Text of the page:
Lewis & Short

Parsing inflected forms may not always work as expected. If the following does not give the correct word, try Latin Words or Perseus.

assumptĭo (ads-; v. adsumo init.), ōnis, f. [assumo].

  1. I. In gen., a taking, receiving, assumption (post-Aug. and very rare): adsumptio culturae, Pall. 1, 6, 12: quae adsumptio (eorum erit), nisi vita ex mortuis? Vulg. Rom. 11, 15: dies adsumptionis ejus (of the assumption of our Lord), ib. Luc. 9, 51.
  2. II. Esp.,
    1. A. An eager reception, adoption: artes propter se adsumendas putamus, quia sit in his aliquid dignum adsumptione, Cic. Fin. 3, 5, 18.
    2. B. Meton. (abstr. for concr.), one that takes up (eccl. Lat.): Dominus est adsumptio nostra, Vulg. Psa. 88, 19.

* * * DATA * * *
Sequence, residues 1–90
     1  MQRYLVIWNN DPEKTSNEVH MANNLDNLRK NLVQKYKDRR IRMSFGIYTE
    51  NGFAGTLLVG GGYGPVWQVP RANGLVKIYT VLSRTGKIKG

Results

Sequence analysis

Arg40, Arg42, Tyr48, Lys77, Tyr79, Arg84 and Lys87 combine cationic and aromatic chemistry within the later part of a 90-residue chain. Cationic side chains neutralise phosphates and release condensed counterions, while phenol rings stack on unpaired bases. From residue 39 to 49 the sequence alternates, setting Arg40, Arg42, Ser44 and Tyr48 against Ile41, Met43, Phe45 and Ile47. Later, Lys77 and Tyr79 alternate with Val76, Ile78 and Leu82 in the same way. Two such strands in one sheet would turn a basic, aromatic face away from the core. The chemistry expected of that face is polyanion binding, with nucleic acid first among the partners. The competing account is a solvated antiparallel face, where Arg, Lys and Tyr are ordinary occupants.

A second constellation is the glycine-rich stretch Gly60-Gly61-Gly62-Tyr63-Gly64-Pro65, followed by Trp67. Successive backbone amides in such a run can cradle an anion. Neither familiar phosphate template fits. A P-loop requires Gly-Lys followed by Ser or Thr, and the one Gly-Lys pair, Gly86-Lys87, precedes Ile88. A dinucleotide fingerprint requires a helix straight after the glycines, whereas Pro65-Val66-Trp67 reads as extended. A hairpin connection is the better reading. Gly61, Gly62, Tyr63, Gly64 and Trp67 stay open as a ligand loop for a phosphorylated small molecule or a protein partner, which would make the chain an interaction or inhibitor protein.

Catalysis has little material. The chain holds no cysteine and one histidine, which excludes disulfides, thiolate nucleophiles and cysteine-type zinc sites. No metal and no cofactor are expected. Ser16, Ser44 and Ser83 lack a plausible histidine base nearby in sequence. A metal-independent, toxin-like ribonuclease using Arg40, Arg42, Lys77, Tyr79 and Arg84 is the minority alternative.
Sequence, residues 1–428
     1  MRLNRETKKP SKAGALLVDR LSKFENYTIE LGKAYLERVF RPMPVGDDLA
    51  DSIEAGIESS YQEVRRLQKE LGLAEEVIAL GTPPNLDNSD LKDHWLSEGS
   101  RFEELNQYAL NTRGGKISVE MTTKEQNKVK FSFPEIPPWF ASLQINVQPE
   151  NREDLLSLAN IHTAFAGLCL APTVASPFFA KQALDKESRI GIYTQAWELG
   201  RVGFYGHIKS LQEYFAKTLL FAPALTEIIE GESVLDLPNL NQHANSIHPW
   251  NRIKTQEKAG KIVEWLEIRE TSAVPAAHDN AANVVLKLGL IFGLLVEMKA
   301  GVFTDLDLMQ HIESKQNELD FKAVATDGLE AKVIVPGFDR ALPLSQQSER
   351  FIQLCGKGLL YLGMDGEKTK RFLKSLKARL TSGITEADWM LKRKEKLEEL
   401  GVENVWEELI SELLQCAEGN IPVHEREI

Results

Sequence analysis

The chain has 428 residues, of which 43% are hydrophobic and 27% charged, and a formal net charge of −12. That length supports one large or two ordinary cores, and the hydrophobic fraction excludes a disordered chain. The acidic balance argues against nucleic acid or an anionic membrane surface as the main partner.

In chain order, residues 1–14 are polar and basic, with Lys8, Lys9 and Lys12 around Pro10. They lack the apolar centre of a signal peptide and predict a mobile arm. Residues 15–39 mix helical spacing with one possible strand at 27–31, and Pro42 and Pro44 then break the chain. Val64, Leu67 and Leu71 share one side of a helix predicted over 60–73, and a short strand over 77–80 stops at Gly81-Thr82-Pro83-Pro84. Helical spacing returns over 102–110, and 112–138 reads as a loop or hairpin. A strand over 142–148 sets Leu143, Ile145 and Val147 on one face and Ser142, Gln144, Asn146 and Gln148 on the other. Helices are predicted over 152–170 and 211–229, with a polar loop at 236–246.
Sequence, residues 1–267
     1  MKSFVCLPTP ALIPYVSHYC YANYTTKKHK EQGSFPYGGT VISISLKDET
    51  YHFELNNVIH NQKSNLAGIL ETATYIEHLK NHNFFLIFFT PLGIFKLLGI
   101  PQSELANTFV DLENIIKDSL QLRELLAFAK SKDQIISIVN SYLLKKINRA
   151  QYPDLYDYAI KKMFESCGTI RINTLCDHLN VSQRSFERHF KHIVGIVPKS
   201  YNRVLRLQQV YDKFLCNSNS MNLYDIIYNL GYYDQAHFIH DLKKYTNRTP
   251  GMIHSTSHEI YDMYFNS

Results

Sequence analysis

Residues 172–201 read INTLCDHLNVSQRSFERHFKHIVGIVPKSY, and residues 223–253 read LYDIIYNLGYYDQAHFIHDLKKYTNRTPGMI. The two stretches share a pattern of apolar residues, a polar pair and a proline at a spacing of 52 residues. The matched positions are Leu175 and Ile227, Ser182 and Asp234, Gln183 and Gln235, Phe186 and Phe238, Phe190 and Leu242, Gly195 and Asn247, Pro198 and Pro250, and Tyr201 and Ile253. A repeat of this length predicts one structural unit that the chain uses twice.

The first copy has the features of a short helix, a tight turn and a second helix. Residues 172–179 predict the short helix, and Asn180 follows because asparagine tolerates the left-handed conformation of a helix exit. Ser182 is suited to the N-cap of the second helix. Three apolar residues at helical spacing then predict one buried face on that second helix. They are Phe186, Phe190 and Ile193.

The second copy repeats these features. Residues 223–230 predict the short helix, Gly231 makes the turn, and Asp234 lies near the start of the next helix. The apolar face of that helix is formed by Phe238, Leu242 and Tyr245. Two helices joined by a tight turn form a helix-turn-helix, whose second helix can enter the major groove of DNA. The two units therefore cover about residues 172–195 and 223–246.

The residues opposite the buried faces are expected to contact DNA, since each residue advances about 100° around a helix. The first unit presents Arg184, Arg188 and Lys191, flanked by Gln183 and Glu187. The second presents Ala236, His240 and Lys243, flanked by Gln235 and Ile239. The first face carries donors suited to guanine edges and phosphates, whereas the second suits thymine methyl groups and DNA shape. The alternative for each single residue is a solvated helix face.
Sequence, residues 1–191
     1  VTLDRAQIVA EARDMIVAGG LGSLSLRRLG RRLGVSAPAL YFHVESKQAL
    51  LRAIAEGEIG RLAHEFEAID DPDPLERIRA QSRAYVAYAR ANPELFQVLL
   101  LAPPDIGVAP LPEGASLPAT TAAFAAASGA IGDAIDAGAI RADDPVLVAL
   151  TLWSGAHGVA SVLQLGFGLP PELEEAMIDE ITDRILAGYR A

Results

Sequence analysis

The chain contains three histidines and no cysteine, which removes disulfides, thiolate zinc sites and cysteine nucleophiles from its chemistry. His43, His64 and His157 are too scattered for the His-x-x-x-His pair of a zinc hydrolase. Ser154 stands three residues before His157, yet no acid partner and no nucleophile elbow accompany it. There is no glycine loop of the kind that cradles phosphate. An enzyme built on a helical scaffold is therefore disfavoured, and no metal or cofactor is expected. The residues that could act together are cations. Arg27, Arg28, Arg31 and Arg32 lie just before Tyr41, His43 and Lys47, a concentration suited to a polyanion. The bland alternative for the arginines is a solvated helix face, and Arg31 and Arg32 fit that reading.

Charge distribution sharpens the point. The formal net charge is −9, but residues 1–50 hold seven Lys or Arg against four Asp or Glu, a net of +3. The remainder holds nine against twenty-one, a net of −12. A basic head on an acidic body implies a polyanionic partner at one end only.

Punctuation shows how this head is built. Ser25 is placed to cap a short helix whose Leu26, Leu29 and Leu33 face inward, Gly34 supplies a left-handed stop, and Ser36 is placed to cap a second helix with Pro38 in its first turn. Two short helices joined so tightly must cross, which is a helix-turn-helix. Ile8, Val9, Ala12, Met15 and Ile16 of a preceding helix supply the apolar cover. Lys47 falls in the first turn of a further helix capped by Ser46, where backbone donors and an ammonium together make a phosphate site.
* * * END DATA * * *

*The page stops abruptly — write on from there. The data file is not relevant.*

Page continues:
Also (after the Hebrew), that which is taken up, lifted up (with the voice), a prophecy: (prophetae) viderunt tibi adsumptiones falsas, Vulg. Thren. 2, 14.
    3. C. In logic, t. t., the minor proposition of a syllogism (v. assumo, II. C.), Cic. Inv. 1, 37, 64: adsumptio, quam πρόσληψιν īdem (dialectici) vocant, id. Div. 2, 53, 108; Quint. 5, 14, 5 sq.; Isid. Orig. 2, 9, 2.
    4. D. In jurid. Lat., an addition, circumstance, = circumstantia, Dig. 28, 5, 46 fin.